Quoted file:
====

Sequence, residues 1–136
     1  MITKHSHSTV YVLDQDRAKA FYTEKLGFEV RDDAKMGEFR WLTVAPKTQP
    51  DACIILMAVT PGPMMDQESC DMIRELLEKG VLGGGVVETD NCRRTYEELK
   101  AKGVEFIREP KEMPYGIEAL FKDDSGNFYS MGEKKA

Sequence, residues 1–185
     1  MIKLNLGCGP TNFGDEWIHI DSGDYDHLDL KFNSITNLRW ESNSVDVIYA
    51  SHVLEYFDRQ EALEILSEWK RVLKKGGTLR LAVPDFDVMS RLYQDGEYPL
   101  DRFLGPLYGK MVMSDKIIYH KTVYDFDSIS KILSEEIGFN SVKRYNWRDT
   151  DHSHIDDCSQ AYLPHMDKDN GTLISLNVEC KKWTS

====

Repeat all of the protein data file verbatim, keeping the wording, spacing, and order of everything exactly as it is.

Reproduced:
Sequence, residues 1–136
     1  MITKHSHSTV YVLDQDRAKA FYTEKLGFEV RDDAKMGEFR WLTVAPKTQP
    51  DACIILMAVT PGPMMDQESC DMIRELLEKG VLGGGVVETD NCRRTYEELK
   101  AKGVEFIREP KEMPYGIEAL FKDDSGNFYS MGEKKA

Sequence, residues 1–185
     1  MIKLNLGCGP TNFGDEWIHI DSGDYDHLDL KFNSITNLRW ESNSVDVIYA
    51  SHVLEYFDRQ EALEILSEWK RVLKKGGTLR LAVPDFDVMS RLYQDGEYPL
   101  DRFLGPLYGK MVMSDKIIYH KTVYDFDSIS KILSEEIGFN SVKRYNWRDT
   151  DHSHIDDCSQ AYLPHMDKDN GTLISLNVEC KKWTS